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Protected bike lanes, “green lanes,” or cycle tracks, as they are sometimes called, are upsetting the transportation status quo in cities across North America.
There was a time when a narrow stripe of asphalt in Park Slope, Brooklyn, was the most hotly contested ribbon of pavement in the United States. Reams of news coverage were devoted to the battle for this solitary disputed traffic lane: the Prospect Park West bike lane.
Fighting for its removal was a wealthy and influential group of nearby property owners, headed by Iris Weinshall, the wife of US Senator Chuck Schumer. Meanwhile, on the defense was the full collective strength of America’s largest urban bike advocacy community, headed by Transportation Alternatives, an advocacy group with 100,000 active supporters across the city.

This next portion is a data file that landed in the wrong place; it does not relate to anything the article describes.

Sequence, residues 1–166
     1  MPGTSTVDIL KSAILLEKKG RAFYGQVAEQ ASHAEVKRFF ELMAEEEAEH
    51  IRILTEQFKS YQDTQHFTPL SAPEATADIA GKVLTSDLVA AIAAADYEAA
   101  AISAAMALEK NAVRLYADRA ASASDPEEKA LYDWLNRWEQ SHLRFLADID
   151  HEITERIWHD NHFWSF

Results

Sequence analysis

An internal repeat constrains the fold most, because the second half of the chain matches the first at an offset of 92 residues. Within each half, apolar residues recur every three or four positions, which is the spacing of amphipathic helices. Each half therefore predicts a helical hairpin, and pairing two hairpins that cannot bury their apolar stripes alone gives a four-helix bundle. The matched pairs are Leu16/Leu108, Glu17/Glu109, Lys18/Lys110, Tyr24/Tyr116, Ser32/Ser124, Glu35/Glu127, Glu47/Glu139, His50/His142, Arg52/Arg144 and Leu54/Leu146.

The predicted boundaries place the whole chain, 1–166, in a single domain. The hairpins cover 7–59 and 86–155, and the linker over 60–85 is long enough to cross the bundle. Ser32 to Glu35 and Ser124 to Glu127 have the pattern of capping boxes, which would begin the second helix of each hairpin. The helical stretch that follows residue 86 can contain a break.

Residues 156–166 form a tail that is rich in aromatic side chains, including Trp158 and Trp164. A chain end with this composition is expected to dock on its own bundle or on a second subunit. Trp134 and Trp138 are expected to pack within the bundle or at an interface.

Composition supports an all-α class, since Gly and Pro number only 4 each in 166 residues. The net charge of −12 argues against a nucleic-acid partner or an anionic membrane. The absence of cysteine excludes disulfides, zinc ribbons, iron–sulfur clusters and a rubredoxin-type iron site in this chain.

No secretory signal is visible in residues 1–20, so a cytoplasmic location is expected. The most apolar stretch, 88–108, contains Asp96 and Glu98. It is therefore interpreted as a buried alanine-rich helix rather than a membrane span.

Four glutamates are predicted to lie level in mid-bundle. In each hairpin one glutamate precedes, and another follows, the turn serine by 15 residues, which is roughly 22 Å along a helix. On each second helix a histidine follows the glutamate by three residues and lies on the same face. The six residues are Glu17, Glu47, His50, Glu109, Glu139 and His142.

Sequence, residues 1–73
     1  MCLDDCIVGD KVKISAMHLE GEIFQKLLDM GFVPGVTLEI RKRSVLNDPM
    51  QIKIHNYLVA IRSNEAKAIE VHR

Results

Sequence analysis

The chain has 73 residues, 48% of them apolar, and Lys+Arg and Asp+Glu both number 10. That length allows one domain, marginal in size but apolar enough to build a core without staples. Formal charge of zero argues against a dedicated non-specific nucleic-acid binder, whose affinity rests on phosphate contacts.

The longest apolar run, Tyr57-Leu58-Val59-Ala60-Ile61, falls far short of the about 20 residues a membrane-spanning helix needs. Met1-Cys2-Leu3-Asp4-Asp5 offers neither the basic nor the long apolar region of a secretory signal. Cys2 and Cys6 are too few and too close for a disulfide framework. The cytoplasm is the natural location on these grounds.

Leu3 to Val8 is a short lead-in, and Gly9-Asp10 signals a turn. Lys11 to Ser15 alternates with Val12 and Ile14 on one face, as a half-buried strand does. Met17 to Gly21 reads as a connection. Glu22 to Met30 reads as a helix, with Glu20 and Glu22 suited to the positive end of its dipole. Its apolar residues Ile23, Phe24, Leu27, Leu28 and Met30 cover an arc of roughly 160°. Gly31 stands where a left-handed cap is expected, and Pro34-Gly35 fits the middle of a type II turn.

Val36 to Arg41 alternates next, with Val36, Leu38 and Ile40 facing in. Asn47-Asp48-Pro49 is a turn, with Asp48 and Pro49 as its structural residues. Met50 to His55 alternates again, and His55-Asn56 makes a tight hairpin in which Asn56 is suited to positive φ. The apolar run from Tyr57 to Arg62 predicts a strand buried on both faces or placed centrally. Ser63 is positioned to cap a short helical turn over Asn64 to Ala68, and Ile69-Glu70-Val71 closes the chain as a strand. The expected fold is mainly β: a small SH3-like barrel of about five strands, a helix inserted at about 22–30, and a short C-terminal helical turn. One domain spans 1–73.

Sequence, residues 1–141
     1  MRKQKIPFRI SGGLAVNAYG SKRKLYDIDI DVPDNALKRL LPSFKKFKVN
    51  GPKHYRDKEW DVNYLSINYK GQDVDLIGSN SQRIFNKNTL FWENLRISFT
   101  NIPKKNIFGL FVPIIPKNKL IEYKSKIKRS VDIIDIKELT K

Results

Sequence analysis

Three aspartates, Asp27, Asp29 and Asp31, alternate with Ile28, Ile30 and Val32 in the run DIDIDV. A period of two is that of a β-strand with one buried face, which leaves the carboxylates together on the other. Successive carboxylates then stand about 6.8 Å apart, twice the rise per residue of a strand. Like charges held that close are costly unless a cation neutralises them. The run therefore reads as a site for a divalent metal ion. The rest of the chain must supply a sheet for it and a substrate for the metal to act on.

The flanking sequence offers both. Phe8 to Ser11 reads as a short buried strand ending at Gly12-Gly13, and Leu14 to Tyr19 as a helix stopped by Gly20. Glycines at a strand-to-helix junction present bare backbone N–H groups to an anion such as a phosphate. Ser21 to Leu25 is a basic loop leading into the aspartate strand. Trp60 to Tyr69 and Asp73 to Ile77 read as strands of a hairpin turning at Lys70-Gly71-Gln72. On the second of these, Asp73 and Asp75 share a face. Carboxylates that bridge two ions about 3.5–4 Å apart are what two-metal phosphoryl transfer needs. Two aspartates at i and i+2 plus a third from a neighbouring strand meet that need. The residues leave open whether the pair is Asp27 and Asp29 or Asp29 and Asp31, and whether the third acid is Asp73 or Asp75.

The Prospect Park West bike lane was a small part of about 250 miles (400 kilometers) of bikeways that New York City had added over roughly five years, between 2007 and 2012. But most importantly, this space was part of a special class of premium bike infrastructure: a protected bike lane, separated from car traffic by a row of parked cars. That added protection, coupled with beautiful views of the park, transformed what used to be just another traffic-clogged road into one of the most attractive streets to pedal in the city.